- Rappahannock-Rapidan Community Services
- Substance Abuse, Addiction, and Recovery Alliance of Virginia
- Virginia Association of Counties (VACo)
- Virginia Association of Free and Charitable Clinics (VAFCC)
- Virginia Rural Health Association (VRHA)
- Virginia Health Catalyst
- Virginia Commonwealth University (VCU) and the VCU Health System
- Addiction Professionals of North Carolina
- Behavioral Health Association of Providers
- Community Anti-Drug Coalitions of America (CADCA)
- CADA of Northwest Louisiana
- California Consortium of Addiction Programs and Professionals
- Connecticut Certification Board
- Faces & Voices of Recovery
- National Association of Counties (NACo)
- National Alliance on Mental Illness (NAMI)
- International Certification & Reciprocity Consortium (IC&RC)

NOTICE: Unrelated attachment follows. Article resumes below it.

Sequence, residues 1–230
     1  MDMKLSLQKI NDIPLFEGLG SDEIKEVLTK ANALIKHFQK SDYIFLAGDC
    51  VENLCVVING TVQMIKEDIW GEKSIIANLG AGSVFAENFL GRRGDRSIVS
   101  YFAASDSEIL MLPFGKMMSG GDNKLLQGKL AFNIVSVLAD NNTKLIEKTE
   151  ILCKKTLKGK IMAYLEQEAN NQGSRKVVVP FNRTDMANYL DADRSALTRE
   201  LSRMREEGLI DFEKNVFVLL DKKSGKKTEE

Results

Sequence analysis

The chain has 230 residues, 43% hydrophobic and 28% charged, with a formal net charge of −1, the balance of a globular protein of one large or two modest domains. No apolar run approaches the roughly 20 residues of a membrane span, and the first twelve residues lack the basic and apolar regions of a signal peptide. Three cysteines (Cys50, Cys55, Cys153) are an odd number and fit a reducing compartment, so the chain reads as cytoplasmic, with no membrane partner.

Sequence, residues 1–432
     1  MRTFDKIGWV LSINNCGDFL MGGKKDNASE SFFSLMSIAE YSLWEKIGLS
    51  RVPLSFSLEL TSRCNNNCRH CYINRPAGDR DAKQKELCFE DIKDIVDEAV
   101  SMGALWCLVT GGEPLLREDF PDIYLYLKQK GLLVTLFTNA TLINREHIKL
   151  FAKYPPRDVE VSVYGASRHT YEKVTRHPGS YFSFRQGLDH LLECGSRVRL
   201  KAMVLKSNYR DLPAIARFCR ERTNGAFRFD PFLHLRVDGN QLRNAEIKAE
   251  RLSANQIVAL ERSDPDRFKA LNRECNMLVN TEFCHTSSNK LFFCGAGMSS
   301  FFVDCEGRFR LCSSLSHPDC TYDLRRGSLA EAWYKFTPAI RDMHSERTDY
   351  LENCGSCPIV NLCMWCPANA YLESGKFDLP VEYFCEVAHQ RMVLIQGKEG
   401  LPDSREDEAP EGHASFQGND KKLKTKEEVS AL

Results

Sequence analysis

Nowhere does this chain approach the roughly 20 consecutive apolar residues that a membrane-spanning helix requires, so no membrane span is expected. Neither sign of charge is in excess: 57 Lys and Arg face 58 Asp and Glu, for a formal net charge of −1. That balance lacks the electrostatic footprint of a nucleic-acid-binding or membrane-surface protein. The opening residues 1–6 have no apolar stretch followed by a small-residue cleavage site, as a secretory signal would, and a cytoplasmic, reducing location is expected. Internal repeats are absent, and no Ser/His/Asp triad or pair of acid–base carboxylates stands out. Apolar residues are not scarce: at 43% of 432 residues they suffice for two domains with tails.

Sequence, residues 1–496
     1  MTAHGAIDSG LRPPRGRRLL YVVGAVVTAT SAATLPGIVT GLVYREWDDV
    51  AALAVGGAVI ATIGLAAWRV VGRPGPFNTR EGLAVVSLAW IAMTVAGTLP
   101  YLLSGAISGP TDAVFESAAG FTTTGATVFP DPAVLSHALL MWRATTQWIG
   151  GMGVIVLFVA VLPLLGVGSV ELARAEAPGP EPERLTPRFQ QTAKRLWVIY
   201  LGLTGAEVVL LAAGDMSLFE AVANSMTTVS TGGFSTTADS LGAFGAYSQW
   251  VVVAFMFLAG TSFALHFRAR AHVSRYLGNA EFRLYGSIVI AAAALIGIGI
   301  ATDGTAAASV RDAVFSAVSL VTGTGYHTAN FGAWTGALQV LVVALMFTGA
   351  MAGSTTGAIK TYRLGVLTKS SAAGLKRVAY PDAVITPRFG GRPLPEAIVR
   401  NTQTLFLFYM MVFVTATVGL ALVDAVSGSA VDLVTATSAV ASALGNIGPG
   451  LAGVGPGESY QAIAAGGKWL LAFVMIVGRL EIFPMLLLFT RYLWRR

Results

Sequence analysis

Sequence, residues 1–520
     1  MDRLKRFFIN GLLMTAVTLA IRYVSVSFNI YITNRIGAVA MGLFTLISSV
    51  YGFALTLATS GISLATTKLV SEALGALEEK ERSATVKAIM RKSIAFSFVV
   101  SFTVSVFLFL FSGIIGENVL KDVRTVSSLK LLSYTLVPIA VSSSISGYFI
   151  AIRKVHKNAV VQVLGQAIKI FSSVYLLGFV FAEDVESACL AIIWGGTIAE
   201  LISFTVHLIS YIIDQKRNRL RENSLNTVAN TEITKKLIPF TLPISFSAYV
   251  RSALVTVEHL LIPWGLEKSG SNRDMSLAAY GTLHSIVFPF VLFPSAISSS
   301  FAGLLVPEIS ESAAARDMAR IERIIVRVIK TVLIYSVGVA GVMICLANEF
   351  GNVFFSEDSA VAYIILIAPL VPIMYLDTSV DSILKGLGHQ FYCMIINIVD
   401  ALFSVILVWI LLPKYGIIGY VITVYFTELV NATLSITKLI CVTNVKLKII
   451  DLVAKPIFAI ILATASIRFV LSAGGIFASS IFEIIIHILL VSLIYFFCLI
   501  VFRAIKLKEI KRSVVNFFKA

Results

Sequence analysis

- Treatment Advocacy Center
“It is our hope that with this act, others will be spared what we are going through. Summer would have been proud to be a part of something that will help others and that will offer viable resources to those who are struggling with addiction. Our family is honored to have Summer’s name affiliated with this act. We thank Representatives Spanberger, O’Halleran, Salazar, and Armstrong who have made this much-needed legislation possible,” said Carey Colvin, Mother of Summer Barrow during Tuesday’s event.
“Thank you, Representative Spanberger. We appreciate the opportunity to be here this afternoon, as well as to acknowledge the hard work that you’ve done to sponsor this bill. Culpeper is a small community, probably about an hour and a half south from Washington, D.C. Yet, I can tell you, we face almost daily the effects of opiate and drug abuse and deaths. Our officers are at the front line almost every day responding to an emergency call where someone has overdosed,” said Chris Jenkins, Chief of Police, Culpeper Police Department during Tuesday’s event.